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The myth of coding from specimens firsthand and the untapped resource of photos

I posted this on my blog today, but think it's important enough to cross-post 

You've probably heard it many times.  Advice from professional paleontologists 
about the proper way to code specimens.  For instance, here's Brochu from the 
DML in 2000-

"One thing I've noticed as associate editor of JVP is that reviewers are 
growing less patient with phylogenetic analyses that do not address the 
specimens themselves, and which instead code taxa from publications. This is 
being viewed increasingly as unacceptable, and I wholeheartedly embrace that 
view. It's the specimens that are our primary data."

I completely agree that the specimens are our primary data and that coding from 
specimens is preferrable to any other resource.  When I was younger back in 
2000 and such, I would picture a paleontologist poring over a specimen in his 
hands, turning it this way and that under the light, only to triumphantly type 
a 0 or 1 into Nexus Data Editor and move on to the next character.  If only the 
world were so kind.  The dirty truth is that this is generally not the way 
things work, and indeed can't be, given financial and business considerations.

Any decent cladistic analysis needs a large number of taxa, and for most 
analyses this means specimens will be spread over the world.  For the original 
TWG analysis of Norell et al., seeing all the relevent specimens would mean 
YPM and ZPAL collections.  China, Mongolia, Russia, Argentina, Poland, England, 
Spain, Germany, Canada and over ten states of the US.  If you're lucky, you'll 
see the specimens on a traveling exhibit (with the caveat it usually makes them 
harder to examine up close) or on loan to another museum.  Many museums have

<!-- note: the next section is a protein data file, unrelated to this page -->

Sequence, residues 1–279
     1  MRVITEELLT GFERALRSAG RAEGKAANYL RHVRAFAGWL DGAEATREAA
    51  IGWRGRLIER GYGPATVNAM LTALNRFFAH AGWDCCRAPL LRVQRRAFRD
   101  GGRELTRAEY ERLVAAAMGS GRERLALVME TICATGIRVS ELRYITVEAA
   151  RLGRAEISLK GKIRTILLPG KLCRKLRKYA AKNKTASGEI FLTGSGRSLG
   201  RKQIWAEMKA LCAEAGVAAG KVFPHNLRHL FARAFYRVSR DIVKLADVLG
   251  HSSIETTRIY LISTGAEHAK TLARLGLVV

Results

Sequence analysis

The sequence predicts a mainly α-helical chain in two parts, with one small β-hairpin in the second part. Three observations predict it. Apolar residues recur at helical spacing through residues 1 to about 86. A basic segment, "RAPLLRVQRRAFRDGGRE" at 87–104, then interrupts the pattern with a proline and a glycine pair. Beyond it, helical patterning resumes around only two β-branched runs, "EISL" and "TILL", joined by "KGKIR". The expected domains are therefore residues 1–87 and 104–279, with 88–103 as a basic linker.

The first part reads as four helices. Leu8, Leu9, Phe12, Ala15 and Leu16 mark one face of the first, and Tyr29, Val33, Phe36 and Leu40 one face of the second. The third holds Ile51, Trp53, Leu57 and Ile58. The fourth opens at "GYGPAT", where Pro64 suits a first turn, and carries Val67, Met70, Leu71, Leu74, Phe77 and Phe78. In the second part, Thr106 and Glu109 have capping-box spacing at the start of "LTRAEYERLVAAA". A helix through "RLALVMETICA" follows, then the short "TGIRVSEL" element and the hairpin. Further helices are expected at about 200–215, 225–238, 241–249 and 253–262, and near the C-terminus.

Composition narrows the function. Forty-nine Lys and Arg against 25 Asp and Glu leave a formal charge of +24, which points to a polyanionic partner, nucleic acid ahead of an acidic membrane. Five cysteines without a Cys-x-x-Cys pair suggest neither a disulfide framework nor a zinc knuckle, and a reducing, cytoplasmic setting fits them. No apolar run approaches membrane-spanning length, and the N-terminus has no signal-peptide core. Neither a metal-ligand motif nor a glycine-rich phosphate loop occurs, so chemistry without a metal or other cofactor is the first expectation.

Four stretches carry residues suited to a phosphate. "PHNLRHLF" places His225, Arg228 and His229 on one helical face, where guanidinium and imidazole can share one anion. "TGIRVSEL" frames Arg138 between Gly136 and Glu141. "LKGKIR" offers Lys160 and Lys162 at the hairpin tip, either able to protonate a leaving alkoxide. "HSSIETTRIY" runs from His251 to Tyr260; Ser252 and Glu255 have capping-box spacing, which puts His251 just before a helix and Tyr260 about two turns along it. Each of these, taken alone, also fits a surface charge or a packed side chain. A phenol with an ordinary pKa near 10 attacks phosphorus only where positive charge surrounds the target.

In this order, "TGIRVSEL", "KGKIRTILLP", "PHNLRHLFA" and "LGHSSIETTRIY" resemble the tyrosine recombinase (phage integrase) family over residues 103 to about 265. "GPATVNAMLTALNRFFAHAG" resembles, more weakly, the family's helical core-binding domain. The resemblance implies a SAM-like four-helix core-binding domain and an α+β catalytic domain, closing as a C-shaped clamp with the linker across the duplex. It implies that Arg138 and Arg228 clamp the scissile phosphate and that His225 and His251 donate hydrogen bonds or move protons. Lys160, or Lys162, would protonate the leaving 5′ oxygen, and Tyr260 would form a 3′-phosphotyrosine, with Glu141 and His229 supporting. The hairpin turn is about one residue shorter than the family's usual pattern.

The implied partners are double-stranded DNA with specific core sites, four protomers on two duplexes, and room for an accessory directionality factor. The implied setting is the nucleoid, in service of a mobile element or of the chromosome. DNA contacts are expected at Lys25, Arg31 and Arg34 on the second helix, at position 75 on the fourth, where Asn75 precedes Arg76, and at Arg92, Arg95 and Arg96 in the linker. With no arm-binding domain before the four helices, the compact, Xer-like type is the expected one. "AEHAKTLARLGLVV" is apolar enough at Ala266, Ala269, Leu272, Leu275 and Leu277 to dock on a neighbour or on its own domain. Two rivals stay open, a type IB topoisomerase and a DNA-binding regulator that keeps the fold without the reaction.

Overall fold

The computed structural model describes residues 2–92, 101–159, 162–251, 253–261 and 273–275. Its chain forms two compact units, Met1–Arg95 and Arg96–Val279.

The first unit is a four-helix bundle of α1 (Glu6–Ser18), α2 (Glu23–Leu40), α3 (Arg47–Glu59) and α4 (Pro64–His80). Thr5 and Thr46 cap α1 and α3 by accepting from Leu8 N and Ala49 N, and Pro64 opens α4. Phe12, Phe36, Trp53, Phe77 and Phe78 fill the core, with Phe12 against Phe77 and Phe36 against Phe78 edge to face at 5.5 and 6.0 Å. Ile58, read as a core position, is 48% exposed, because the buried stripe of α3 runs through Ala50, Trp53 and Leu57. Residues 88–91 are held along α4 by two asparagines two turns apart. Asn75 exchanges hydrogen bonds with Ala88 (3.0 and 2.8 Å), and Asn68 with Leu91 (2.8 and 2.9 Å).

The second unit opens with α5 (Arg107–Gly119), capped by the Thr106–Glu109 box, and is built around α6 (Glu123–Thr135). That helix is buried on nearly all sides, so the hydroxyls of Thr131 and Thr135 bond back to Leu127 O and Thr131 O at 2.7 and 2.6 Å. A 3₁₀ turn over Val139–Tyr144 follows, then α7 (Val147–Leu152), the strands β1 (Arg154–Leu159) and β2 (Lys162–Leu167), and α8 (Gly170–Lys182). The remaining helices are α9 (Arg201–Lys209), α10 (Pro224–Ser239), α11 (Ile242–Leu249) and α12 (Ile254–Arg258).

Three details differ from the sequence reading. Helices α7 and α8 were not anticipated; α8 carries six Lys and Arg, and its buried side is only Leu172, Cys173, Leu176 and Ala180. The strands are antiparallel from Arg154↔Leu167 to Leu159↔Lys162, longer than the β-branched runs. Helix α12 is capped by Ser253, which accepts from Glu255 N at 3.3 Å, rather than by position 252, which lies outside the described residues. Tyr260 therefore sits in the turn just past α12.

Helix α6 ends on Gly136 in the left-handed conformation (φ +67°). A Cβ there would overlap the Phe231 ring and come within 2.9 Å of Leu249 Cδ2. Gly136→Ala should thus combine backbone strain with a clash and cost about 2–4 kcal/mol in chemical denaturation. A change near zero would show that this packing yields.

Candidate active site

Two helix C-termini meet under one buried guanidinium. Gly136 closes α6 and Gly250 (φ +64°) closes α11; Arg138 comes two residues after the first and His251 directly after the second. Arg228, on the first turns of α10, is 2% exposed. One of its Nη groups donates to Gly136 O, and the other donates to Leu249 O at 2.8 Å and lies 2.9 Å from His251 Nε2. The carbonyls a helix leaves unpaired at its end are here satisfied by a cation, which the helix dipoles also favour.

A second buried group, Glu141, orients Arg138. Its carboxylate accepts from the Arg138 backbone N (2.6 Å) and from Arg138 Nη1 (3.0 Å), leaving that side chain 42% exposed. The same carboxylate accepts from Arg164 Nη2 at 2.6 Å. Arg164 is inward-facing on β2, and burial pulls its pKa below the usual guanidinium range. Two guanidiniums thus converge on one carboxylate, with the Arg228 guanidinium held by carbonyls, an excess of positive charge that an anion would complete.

casts, but these are of varying quality.  Realistically, very few 
paleontologists are going to have the resources to see all the specimens.  
Travel cost is simply too high.

But people do manage to travel, and many papers indicate specimens were 
consulted for coding.  I myself visited the AMNH twice, and they happened to 
have many IGM specimens at the time as well.  When I write my papers, I'll put 
down my reference for Saurornithoides as "AMNH 6516".  But the truth is my 
codings don't come from looking at the specimen in person.  I saw it, I held 
it, sure.  But when you visit a museum collection, you get 6 hours or so per 
day, since they're only open for so long.  And there are usually several 
revelent specimens in a museum, sometimes an extremely large number (AMNH, IGM, 
IVPP, MOR, RTMP, etc.).  Moreover, there are usually rules about removing only 
one specimen from cabinets at a time, filling out cards to replace them in the 
meantime, etc..  And you want to be careful, since nobody wants to be "the one 
who dropped Ornitholestes' skull".  If I were to try to code Ornitholestes for 
the TWG matrix while looking at it in the AMNH collections, it would near 
certainly take my entire time for that day and more.  Any good matrix has at 
least a couple hundred characters, often several hundred.  It takes time to 
code.  And while people have the resources to visit museum collections, I 
highly doubt most have the resources to return every day for a week or two.  
And realistically, matrices aren't made by having a list of characters, and